Emergency Department

Emergency Department

Our Emergency Department (ED) is also known as Accident and Emergency (A&E).

We are open 24 hours a day, 365 days a year. We provide emergency care for more than 52,000 children every year, up to the age of 16, with a range of illnesses and injuries.

There are a limited number of parking spaces on Western Bank for families attending the Emergency Department only. You must collect a permit from the Emergency Department reception to display in your car window while parked here.

Treating injury and illness

Our doctors and nurses specialise in the resuscitation and treatment of seriously injured or ill children and we are a designated Major Trauma Centre for children.

We also treat less serious conditions but there are usually better settings for your child to be seen in if they are not seriously unwell.

Consider self care, consulting a pharmacist, seeing your own GP, calling 111, or going to the Walk-in Centre on Broad Lane.

These details are in Choose Well on page 23 of your child’s Red Book. If you are seriously concerned about your child and these options are not open to you, come to the Emergency Department or call 999.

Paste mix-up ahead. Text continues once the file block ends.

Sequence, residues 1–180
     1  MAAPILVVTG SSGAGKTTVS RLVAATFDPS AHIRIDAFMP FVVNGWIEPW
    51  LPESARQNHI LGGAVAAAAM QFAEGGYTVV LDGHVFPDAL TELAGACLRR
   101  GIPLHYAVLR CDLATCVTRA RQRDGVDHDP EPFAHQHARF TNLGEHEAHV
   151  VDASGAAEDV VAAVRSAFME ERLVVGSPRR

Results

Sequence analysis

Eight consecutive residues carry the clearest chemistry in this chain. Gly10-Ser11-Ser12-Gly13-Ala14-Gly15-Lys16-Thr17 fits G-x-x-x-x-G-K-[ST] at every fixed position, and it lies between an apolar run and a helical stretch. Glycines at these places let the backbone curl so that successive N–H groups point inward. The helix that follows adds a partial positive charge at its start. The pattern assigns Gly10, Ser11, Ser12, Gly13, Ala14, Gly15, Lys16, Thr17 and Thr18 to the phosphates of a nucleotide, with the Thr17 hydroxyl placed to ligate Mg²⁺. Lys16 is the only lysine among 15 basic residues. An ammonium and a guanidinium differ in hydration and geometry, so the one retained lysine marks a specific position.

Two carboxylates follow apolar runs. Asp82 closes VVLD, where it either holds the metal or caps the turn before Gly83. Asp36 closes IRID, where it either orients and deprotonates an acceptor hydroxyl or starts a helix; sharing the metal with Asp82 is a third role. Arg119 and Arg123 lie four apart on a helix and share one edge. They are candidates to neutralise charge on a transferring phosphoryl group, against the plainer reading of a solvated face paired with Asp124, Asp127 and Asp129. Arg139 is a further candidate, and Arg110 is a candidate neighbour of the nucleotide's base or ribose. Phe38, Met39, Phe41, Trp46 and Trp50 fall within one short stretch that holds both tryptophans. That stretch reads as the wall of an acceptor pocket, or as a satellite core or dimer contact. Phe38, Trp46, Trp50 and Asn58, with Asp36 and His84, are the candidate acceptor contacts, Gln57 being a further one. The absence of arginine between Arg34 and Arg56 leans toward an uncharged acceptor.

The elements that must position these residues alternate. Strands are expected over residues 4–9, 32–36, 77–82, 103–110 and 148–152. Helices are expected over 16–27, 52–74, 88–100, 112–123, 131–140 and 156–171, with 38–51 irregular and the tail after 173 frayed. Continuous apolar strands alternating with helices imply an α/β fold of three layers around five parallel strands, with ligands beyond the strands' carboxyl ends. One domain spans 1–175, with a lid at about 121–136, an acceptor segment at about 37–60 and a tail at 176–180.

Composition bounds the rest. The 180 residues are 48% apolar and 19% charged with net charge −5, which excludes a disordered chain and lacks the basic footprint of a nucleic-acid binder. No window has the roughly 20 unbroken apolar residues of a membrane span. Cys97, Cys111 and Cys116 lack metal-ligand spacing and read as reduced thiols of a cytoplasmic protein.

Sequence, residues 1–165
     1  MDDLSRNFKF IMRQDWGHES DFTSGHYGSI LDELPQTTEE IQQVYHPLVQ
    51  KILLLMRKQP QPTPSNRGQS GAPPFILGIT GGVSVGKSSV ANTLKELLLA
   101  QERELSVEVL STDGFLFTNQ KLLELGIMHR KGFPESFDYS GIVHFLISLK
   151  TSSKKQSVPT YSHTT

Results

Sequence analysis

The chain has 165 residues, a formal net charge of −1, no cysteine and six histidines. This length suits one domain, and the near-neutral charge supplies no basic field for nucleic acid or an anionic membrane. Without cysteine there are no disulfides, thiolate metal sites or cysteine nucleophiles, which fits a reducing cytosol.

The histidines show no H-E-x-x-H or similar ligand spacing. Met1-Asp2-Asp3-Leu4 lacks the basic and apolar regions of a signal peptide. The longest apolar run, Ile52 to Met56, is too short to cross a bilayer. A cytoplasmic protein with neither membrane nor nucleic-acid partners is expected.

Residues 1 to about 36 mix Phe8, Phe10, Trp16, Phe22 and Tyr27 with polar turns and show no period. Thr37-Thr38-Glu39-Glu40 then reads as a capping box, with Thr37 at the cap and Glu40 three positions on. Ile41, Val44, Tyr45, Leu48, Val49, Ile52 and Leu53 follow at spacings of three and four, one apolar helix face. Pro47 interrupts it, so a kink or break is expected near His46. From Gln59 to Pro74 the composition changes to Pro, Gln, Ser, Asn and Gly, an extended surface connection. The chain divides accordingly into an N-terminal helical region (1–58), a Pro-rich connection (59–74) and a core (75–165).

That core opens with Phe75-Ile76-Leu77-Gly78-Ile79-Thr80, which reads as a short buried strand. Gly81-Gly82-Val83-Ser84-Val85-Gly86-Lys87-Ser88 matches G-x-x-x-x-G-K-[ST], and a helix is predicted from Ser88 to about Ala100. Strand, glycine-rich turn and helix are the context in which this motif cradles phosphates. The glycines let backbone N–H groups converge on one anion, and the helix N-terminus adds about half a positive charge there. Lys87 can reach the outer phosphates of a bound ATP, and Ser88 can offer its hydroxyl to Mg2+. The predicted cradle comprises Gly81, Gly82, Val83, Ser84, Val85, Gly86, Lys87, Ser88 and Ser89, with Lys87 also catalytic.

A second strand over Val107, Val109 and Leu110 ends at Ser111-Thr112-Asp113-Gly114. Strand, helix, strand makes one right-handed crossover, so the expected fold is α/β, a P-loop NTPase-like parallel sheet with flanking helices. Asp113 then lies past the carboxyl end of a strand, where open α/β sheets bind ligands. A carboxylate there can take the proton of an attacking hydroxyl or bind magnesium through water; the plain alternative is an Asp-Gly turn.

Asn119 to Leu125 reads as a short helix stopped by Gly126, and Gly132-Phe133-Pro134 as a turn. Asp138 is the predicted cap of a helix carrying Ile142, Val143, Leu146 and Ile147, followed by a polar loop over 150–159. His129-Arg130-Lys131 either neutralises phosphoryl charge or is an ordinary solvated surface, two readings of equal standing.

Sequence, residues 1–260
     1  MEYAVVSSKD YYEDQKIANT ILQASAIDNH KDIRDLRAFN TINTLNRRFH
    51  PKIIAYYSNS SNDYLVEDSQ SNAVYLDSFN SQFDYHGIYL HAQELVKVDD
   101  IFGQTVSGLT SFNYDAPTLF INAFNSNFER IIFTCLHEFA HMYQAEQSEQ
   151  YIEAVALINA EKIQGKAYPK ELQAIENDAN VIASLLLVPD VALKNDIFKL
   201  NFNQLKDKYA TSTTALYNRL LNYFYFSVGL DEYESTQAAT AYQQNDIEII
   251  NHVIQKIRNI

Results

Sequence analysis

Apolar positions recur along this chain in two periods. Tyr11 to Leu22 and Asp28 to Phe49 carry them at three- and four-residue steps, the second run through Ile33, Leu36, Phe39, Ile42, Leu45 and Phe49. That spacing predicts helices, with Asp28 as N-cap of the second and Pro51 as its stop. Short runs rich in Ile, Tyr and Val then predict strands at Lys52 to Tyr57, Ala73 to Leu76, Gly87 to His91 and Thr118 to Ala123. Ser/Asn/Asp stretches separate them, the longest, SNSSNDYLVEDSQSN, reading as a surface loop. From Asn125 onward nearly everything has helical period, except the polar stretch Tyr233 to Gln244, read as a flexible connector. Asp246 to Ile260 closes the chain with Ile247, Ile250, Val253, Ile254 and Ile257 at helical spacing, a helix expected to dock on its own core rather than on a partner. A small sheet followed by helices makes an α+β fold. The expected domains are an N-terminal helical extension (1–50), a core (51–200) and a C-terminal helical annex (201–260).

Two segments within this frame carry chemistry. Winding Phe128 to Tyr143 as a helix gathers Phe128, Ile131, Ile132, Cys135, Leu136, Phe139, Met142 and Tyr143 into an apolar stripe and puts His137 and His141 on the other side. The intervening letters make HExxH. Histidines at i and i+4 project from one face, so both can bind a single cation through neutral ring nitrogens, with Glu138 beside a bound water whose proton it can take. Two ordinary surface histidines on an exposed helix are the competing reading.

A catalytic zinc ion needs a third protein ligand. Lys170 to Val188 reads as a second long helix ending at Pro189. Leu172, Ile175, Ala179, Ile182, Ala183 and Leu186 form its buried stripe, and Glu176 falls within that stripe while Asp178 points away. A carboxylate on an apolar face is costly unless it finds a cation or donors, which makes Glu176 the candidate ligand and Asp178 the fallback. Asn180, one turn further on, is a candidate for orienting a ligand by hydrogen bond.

What happens in the Emergency Department

On arriving at the Emergency Department, children are booked in by our reception staff. Children are then evaluated by our triage nurse, who will assess your child’s condition and decide on the urgency of their condition.

Children are then assessed by doctors or emergency nurse practitioners in order of medical priority. Waiting times can be significant in the late evenings and at weekends and it is worth bearing this in mind when you make choices about where to seek healthcare advice.

Most children are discharged home after assessment in the ED. Sometimes we need to admit children to a ward for ongoing treatment and sometimes we arrange clinic appointments, such as fracture clinic or eye clinic.

We have ten consultants who lead a team of doctors within the ED. Our team includes junior doctors, nurses and emergency nurse practitioners who can treat children with minor injuries.

Medical students are often in the ED and may see you or your child as part of your visit.

Roma translations

Advice about a range of common childhood problems has been translated into Roma Slovak and is available as sound recordings and PDFs.

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